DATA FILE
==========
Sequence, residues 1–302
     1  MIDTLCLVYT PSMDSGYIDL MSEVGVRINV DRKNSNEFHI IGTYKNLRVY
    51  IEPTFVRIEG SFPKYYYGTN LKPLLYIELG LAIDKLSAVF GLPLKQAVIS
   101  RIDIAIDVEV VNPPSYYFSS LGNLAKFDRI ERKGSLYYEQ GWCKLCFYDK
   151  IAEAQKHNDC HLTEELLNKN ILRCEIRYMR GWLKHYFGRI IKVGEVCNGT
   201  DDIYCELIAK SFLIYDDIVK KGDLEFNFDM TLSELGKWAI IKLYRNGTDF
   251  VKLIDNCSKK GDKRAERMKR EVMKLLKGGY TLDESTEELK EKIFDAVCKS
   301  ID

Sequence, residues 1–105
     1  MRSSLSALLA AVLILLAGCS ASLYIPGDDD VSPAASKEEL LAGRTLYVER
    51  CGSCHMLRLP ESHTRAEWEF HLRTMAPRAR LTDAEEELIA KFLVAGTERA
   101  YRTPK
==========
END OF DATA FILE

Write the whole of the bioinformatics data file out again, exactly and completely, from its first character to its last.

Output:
Sequence, residues 1–302
     1  MIDTLCLVYT PSMDSGYIDL MSEVGVRINV DRKNSNEFHI IGTYKNLRVY
    51  IEPTFVRIEG SFPKYYYGTN LKPLLYIELG LAIDKLSAVF GLPLKQAVIS
   101  RIDIAIDVEV VNPPSYYFSS LGNLAKFDRI ERKGSLYYEQ GWCKLCFYDK
   151  IAEAQKHNDC HLTEELLNKN ILRCEIRYMR GWLKHYFGRI IKVGEVCNGT
   201  DDIYCELIAK SFLIYDDIVK KGDLEFNFDM TLSELGKWAI IKLYRNGTDF
   251  VKLIDNCSKK GDKRAERMKR EVMKLLKGGY TLDESTEELK EKIFDAVCKS
   301  ID

Sequence, residues 1–105
     1  MRSSLSALLA AVLILLAGCS ASLYIPGDDD VSPAASKEEL LAGRTLYVER
    51  CGSCHMLRLP ESHTRAEWEF HLRTMAPRAR LTDAEEELIA KFLVAGTERA
   101  YRTPK